Whether or not this is the best way to use gold as a hedge is a separate matter, and while we could say that our hedges should be more adaptive, where we may increase or decrease our hedging depending on the circumstances, that’s not how many people use this. People don’t generally flee gold during good times in the stock market as much as they may flee stocks and turn to gold during bad times.

If investors were looking to act more optimally, they may indeed move out of gold more than they do when the stock market is rising and the gold market is falling, but they generally don’t as they approach this problem far too statically, and want to set these hedges more as a once and done effort rather than seeking to adapt them to current outlooks for each.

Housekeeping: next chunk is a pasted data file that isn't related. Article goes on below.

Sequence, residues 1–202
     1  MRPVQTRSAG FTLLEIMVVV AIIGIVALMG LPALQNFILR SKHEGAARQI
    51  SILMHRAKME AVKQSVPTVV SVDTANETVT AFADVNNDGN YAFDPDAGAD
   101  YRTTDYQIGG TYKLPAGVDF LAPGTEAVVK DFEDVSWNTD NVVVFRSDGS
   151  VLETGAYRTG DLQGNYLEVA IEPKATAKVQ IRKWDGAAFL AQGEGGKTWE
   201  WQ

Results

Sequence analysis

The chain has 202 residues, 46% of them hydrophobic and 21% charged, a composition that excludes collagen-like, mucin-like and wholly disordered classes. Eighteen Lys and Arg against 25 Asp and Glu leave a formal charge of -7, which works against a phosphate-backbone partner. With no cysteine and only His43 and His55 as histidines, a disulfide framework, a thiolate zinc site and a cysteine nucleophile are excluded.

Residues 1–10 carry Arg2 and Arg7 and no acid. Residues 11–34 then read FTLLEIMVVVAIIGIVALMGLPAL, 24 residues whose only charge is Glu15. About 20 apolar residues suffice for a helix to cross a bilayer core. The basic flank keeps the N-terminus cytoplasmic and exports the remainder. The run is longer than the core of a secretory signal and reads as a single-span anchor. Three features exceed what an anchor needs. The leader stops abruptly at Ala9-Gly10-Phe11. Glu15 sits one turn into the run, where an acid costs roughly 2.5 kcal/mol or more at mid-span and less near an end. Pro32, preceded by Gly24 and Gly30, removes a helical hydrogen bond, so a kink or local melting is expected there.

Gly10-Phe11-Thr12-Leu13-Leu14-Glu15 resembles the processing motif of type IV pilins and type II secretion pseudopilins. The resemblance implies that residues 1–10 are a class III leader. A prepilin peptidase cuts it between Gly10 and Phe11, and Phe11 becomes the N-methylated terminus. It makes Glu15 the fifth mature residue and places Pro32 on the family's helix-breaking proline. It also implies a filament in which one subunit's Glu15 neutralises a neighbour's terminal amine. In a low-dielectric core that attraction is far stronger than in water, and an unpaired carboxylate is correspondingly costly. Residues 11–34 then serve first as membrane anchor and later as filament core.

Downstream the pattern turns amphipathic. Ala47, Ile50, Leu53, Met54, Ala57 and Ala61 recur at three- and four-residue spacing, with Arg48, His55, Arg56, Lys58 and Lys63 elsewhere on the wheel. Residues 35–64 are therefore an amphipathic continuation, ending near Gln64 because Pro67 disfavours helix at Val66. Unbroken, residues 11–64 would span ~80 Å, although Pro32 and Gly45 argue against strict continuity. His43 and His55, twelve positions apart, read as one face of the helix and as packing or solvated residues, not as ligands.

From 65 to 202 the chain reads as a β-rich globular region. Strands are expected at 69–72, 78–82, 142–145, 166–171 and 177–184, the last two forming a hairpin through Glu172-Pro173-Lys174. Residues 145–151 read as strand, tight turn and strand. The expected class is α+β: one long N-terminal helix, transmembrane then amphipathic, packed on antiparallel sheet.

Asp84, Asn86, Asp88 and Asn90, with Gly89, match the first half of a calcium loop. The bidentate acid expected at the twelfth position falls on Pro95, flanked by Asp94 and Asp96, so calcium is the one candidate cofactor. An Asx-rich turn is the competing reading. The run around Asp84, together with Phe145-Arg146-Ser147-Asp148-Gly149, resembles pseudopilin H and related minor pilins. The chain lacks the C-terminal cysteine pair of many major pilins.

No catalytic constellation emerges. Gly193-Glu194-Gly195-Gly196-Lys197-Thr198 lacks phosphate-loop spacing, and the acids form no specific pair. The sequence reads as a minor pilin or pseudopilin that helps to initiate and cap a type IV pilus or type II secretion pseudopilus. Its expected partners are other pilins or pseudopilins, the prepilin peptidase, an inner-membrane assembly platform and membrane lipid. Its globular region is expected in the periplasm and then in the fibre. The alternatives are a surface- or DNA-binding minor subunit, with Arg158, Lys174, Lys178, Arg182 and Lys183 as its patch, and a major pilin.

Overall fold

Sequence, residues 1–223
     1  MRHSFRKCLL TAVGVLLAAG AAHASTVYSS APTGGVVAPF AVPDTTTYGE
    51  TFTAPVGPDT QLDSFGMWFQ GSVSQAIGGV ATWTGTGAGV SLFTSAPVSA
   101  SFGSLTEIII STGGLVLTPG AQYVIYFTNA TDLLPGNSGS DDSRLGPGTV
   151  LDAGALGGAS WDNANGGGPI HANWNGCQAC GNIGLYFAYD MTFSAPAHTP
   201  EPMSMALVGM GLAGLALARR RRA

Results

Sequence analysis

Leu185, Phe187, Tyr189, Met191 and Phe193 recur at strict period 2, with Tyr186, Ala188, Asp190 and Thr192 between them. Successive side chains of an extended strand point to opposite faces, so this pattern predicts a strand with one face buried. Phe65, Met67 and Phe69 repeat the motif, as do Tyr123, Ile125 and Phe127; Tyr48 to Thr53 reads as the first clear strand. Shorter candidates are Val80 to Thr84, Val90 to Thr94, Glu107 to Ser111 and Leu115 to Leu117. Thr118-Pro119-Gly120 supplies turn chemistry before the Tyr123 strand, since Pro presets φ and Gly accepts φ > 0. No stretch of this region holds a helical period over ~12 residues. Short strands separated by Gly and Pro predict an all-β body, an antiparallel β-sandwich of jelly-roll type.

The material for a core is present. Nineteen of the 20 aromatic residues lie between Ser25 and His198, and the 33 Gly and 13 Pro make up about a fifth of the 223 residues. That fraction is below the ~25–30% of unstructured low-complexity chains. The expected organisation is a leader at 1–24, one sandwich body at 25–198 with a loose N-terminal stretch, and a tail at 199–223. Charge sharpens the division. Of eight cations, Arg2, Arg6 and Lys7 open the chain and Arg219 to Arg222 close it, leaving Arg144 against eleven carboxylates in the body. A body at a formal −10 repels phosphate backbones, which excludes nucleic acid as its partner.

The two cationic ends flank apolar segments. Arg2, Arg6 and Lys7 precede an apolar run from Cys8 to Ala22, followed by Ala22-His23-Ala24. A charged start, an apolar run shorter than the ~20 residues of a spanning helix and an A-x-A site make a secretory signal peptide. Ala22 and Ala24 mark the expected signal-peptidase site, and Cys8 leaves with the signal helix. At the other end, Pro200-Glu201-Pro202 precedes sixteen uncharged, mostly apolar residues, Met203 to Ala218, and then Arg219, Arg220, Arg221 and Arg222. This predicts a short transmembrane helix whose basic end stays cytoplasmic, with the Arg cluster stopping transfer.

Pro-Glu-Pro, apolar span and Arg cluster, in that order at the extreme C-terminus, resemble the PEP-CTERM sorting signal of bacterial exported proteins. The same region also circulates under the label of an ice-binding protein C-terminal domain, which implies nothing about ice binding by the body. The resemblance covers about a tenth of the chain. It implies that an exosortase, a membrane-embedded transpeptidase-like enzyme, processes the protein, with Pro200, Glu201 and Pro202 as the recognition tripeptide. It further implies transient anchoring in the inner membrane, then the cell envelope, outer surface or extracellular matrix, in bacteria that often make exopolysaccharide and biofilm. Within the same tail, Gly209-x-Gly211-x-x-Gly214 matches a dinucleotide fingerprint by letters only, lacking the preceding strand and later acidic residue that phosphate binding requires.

Using Gold to Protect Against Downside Risk in Stocks

If we are looking to protect your stock positions with gold, there are two main types of risk that you are seeking protection from, those which manifest themselves over time and those which do not.

In spite of what some people think, risk in the stock market really doesn’t come out of the blue, aside from things like the very short term losses incurred as a result of program trading gone wrong, which very quickly stabilizes and is of a duration far too short for investors to ever worry about.

Other than so called flash crashes, even the most dramatic movements in stocks do tend to take time, or at least are telegraphed. We can see some single days that do a lot of damage from time to time though, and can take us from being below our threshold to well exceeding it, depending on how much tolerance we have with our positions.